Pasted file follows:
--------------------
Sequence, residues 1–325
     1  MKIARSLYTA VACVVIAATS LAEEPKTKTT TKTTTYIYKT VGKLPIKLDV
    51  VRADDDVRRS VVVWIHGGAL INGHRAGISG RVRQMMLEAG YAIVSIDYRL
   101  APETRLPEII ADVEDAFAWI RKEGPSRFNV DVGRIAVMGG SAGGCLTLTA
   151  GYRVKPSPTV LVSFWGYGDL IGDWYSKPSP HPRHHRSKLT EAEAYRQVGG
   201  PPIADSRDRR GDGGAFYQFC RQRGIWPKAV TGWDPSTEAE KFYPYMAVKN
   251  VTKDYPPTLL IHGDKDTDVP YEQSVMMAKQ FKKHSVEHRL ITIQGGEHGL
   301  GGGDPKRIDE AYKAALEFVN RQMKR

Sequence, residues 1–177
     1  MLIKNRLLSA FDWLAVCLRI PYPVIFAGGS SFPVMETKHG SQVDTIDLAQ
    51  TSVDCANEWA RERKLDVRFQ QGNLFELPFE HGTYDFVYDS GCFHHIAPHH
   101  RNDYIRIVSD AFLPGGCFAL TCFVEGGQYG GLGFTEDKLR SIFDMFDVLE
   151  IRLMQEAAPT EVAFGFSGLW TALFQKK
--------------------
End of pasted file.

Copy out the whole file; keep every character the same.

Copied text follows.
Sequence, residues 1–325
     1  MKIARSLYTA VACVVIAATS LAEEPKTKTT TKTTTYIYKT VGKLPIKLDV
    51  VRADDDVRRS VVVWIHGGAL INGHRAGISG RVRQMMLEAG YAIVSIDYRL
   101  APETRLPEII ADVEDAFAWI RKEGPSRFNV DVGRIAVMGG SAGGCLTLTA
   151  GYRVKPSPTV LVSFWGYGDL IGDWYSKPSP HPRHHRSKLT EAEAYRQVGG
   201  PPIADSRDRR GDGGAFYQFC RQRGIWPKAV TGWDPSTEAE KFYPYMAVKN
   251  VTKDYPPTLL IHGDKDTDVP YEQSVMMAKQ FKKHSVEHRL ITIQGGEHGL
   301  GGGDPKRIDE AYKAALEFVN RQMKR

Sequence, residues 1–177
     1  MLIKNRLLSA FDWLAVCLRI PYPVIFAGGS SFPVMETKHG SQVDTIDLAQ
    51  TSVDCANEWA RERKLDVRFQ QGNLFELPFE HGTYDFVYDS GCFHHIAPHH
   101  RNDYIRIVSD AFLPGGCFAL TCFVEGGQYG GLGFTEDKLR SIFDMFDVLE
   151  IRLMQEAAPT EVAFGFSGLW TALFQKK